I picked up The Gaze after listening to a speech by the author on TED talks. I usually give a book 50-100 pages to draw me in. And the first couple of chapters were bleak. I didn’t quite understand what was happening and where the plot was headed, mostly because I was busy deciphering a rather confusing narrative. But instead of putting me off, it challenged me to stay on as if to say, ‘see if you can make sense of me’. And I was equal to the task. I decided to let go of the plot- one of the reasons I was getting bogged down was because I was trying to tie it up with the back cover blurb- so I let go of what I had read there. And I just focused on deciphering the narrative. Which was the best thing I could have done. Shafak has a delicious narrative style that sometimes makes you want to re-read sentences/ phrases and sometimes read them aloud (making everybody around you think you are slightly cuckoo). She effortlessly goes back and forth in time and space and has us surrounded not only by people who are stared at but also the quintessential voyeurs i.e. all the rest of us, both men and women.
And it is in this circumstance, when the reader is surrounded by all these fantastic –cum-terrible-cum-wonderful creatures and voyeurs, that she introduces the Dictionary of Gazes. And who better to obsess over it than B-C, the dwarf. The words that go into the Dictionary of Gazes now appear intermittently throughout the novel.
So, in short, I loved reading this novel. And here’s why. The narrator of the story is nameless. This is a brilliant way of telling you that this character is a ‘nobody’. When you name something, you give it that much more importance. In this case, the idea communicated that the character had a really low self-esteem not least because she was obese. The only other place that I have come across the use of the nameless narrator is Ghosh’ s The Shadow Lines.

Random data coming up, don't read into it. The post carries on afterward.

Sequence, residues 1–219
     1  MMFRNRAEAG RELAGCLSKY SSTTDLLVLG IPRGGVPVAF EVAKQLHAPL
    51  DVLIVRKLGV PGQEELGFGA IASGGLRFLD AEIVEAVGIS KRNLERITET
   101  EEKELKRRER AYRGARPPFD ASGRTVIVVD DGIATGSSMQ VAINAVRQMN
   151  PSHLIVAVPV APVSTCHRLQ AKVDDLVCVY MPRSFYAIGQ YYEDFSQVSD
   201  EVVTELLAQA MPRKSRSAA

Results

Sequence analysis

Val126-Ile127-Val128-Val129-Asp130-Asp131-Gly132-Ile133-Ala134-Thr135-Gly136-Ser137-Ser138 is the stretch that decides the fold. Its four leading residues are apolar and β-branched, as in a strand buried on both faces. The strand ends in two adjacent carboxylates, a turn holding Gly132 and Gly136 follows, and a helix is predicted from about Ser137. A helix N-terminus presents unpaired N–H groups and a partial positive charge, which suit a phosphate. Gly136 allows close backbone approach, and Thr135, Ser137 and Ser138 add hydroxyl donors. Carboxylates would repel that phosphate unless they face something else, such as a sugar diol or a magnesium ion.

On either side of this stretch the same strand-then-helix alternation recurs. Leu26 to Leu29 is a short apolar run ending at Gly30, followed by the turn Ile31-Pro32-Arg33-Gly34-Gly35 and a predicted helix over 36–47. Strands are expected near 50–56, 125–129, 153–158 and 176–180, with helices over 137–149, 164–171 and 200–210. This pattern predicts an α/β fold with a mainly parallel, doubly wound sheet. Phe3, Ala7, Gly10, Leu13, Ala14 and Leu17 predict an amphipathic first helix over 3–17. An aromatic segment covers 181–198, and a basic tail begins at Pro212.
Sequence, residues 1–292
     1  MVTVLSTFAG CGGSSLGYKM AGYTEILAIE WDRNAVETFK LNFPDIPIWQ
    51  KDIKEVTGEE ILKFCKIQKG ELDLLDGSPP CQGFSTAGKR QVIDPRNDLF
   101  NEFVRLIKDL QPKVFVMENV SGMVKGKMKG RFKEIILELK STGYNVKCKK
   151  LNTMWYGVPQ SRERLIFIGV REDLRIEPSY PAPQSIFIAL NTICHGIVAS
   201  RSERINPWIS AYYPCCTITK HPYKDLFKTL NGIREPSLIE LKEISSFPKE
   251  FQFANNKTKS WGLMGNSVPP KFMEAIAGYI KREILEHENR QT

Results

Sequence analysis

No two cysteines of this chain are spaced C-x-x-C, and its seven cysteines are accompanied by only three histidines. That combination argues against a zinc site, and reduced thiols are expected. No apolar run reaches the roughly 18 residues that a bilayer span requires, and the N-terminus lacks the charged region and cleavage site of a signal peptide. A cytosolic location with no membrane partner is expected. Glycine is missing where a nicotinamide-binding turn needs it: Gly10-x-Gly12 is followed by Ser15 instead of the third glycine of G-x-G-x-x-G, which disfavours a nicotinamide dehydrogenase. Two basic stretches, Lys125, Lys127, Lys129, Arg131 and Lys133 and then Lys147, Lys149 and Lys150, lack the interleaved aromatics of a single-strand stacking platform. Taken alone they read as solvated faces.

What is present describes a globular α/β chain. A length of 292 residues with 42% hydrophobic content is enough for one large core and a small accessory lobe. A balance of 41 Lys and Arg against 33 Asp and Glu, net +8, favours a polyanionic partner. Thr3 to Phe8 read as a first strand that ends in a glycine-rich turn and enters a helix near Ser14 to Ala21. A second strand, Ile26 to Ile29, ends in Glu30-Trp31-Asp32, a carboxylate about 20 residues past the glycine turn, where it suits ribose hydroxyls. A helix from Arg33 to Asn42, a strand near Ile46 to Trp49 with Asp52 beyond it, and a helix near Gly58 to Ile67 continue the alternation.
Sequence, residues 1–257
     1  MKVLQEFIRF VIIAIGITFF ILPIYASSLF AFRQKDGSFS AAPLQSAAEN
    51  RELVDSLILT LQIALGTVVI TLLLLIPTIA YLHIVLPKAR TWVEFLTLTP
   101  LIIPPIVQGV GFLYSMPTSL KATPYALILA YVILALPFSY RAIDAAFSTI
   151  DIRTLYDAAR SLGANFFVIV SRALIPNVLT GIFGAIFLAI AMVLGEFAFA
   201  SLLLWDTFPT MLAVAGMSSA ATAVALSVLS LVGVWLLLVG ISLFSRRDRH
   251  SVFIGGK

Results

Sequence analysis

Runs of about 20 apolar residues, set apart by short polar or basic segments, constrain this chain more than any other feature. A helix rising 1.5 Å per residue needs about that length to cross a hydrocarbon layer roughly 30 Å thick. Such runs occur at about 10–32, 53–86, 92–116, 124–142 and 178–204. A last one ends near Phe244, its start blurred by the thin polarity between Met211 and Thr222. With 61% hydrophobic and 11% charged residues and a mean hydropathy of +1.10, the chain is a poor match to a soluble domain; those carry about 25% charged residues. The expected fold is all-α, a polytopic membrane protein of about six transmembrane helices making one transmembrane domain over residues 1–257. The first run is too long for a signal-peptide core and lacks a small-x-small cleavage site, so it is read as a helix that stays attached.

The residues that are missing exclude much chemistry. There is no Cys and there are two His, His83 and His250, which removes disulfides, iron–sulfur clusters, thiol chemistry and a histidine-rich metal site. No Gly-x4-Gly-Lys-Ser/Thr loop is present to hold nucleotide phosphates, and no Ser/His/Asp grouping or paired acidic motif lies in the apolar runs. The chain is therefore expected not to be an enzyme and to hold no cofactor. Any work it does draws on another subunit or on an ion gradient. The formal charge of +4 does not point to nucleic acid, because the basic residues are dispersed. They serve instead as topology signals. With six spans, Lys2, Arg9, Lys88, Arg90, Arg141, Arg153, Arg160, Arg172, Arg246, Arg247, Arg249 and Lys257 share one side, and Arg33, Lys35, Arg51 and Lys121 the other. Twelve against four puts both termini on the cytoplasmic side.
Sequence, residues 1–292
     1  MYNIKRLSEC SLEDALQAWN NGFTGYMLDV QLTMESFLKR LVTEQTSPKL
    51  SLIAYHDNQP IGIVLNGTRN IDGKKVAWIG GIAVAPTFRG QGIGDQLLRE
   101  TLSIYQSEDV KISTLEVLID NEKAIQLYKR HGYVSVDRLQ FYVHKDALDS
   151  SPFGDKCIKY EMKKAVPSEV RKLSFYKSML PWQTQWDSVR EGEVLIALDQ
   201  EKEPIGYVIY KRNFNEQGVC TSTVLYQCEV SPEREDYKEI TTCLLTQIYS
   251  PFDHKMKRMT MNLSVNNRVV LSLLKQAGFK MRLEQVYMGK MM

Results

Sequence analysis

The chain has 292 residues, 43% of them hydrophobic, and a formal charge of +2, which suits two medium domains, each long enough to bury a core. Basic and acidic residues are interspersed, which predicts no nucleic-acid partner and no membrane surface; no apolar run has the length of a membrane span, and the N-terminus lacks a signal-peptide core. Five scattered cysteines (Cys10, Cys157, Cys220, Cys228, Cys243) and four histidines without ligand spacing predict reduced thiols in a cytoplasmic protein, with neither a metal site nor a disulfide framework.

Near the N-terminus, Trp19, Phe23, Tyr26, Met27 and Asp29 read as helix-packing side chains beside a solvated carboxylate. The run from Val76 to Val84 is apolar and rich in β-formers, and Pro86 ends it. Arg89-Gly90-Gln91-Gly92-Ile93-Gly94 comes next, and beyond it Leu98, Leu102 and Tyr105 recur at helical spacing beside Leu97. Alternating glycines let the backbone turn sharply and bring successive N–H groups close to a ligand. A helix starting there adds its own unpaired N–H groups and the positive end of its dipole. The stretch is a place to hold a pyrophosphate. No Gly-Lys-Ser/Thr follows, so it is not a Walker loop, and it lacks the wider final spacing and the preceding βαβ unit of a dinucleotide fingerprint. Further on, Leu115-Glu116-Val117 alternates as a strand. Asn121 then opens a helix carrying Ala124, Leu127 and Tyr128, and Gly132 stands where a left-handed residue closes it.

There are a couple of chapters that go to 18th century Siberia and 17th century France. Shafak is describing the origins of two spectacles that form part of an exhibition of spectacles in 19th century Turkey. Before delving into these background stories she introduces a caveat in the previous chapter suggesting that the reader can skip the following chapter completely if she so wished. I didn’t. Personally, I loved both chapters because it gave a background to something I wasn’t quite comprehending. But more importantly, both of them was talking about some violation that had taken place that had led to the creation of these spectacles. But I also think that her suggestion was interesting. Towards the end she says there are many ways of telling a story and repeats the stories without the key violation. There is no spectacle that is created, rendering both stories useless. One is left wondering if the reader could really have left out those two chapters in her reading. I will never know.
Finally, her language is full of imagery. I also found some ( not too much) similarities with ‘magical realism’. Both of these made the reading so much more engaging. Sometimes imagery is easy to get but this kind of imagery was challenging, and so there was a continuous dialogue with the reader. Her language was also whimsical at times. This was one of the things that took time getting used to. But in the end, it was also one of the things that made the reading challenging and interesting.
A final caveat- this is a translation from the Turkish original. I am not sure how much of the ‘challenging’ aspects of the language of the book comes from it being Turkish and how much from it being an inefficient translation ( if it is). Perhaps someone who knows both languages can tell. But I do wonder how much was lost in translation.
When I was 18, I wrote a short story for my college magazine. With a first person narrative, it was the story of a commercial sex worker from a ‘respectable’ middle class background who ‘chose’ to sell sex in an attempt to run away from her boring and rather predictable life. When I wrote it, the first people to read it were family and reactions were as varied as could be. My mother loved it but as usual had lots of inputs for me to improve it. One cousin was ‘relieved that your description of Kamathipura (the commercial sex district in Bombay) is sketchy’. Another cousin felt I was ‘trying too hard to shock’. And my 13 year old sister, who couldn’t disassociate the ‘I’ of the narrator from her sister, was in tears. She couldn’t understand why I would feel this way about life!
Many years later, I wrote a short story about an old man. A friend read it and her immediate reaction was, ‘I don’t like it one bit’. A week later, she called to say that she might have been mistaken. Perhaps she just wasn’t ready for what the story was trying to tell her. Later, she thought there were some great ideas that were in there and that she must be open to them. A writer aunt loved it from the beginning and gave me inputs to improve it.